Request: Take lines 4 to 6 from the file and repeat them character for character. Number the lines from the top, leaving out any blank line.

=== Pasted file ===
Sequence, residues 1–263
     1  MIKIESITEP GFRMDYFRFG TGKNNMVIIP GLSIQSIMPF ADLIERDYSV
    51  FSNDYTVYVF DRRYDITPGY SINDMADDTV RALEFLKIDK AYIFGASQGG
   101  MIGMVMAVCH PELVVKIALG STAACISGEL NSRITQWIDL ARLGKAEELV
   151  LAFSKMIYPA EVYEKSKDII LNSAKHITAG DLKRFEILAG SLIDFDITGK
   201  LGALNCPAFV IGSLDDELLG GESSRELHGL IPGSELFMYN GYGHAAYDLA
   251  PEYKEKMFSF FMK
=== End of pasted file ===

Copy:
   101  MIGMVMAVCH PELVVKIALG STAACISGEL NSRITQWIDL ARLGKAEELV
   151  LAFSKMIYPA EVYEKSKDII LNSAKHITAG DLKRFEILAG SLIDFDITGK
   201  LGALNCPAFV IGSLDDELLG GESSRELHGL IPGSELFMYN GYGHAAYDLA